kcal/mol) and metathesis exchange of acyclic olefins. 119 Alternatively, as demonstrated
in the first generation ruthenium alkylidenes, the RuCl2(=CHR)(PCy3)2 system obtained

from phosphine exchange showed a marked increase in ROMP activity of less strained
cyclic olefins and became the first ruthenium alklidene to show high levels of metathesis
exchange for acyclic olefins.









Comparative kinetic studies for the metathesis exchange of 1-hexene with
RuCl2(=CH-p-C6H4-X)(PCy3)2 have shown that the electronic influence of X on the

initiation rate to be relatively small, with X = H giving the optimum results.
RuCl2(=CHPh)(PCy3)2 has been fully characterized and demonstrates long term air

stability in the solid state and in solution (CH2C12 or C6H6) contaminated with alcohols,

amines, and water. The high stability of RuCl2(=CHPh)(PCy3)2 toward functional

groups was further demonstrated to be of great utility as functionalilzed olefins (acetate,

halogens, and alcohols) were incorporated into the alkylidene moiety. 119 These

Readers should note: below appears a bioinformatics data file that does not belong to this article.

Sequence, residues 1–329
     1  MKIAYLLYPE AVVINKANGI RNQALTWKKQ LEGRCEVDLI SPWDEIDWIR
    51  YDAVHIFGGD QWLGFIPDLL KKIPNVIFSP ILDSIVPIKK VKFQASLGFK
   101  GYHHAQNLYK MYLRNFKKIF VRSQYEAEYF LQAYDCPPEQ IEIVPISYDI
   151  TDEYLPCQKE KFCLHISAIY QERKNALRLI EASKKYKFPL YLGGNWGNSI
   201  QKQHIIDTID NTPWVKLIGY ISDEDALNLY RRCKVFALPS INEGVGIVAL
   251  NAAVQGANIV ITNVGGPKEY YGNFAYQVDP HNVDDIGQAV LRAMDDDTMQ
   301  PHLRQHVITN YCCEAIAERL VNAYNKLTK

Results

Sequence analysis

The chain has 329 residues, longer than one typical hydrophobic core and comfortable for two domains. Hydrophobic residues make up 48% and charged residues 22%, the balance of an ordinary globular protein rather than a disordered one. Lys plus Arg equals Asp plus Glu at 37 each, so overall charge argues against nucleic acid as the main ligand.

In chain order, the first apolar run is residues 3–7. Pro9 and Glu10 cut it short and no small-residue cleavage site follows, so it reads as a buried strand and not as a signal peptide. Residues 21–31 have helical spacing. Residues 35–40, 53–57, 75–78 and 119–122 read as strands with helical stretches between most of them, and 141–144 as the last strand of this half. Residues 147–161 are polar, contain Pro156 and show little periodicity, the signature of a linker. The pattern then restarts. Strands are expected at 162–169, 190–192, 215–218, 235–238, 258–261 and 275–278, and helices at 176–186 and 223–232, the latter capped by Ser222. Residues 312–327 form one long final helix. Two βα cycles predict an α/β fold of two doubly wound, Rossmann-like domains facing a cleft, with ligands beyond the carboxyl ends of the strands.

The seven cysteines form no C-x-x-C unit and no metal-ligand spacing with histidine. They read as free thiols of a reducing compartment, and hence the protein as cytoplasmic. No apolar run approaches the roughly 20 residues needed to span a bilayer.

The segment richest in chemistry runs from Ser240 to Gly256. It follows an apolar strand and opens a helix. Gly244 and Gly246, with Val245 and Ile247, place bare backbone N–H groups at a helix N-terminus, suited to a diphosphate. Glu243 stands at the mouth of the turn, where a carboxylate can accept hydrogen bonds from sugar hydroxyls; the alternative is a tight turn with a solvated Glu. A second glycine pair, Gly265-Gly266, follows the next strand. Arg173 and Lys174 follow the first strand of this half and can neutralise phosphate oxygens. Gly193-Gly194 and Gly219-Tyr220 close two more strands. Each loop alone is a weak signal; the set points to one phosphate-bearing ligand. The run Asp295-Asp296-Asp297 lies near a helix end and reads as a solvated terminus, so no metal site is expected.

alkylidene complexes can therefore give precise control to the end groups of polymer

structures, which could have tremendous application in the area of telechelics. Further,

this catalyst system has also metathesized conjugated and cumulated olefins to generate

the corresponding vinylalkylidene and vinylidene complexes respectively.119

This highly active ruthenium catalyst has also had a significant impact on olefin
metathesis reaction from a mechanistic standpoint. When exposed to 1 atm of ethylene,
RuCl2(=CHPh)(PCy3)2 quantitatively produces RuC12(=CH2)(PCy3)2. This has proved

to be the first isolated and fully characterized metathesis active methylidene complex.119

This discovery, as will be described in a following section, has indirectly provided

tremendous support to the proposed mechanism of acyclic diene metathesis (ADMET)

polymerization.


Olefin Metathesis Polymerization


For nearly three decades ring opening metathesis polymerization (ROMP) had
been the cornerstone of olefin metathesis and provided the incentive for most of its

research endeavors. Recently, olefin metathesis polymerization has been extended to

include a new method which utilizes an equilibrium condensation exchange reaction to

produce high molecular weight polymers. Both methods will be discussed in detail, as it

directly pertains to the scope of the work described herein.











Ring Opening Metathesis Polymerization (ROMP)


Ring opening metathesispolymerization (ROMP), as described in Figure 1.12.B 1,

occurs via a chain growth process to produce linear high molecular weight polymers. As

for all olefin metathesis reactions, ROMP is governed by competing equilibria. The

thermodynamics of the ring-chain equilibria dictate the polymerizability of cyclic

olefins:70


AG =AH TAS (1)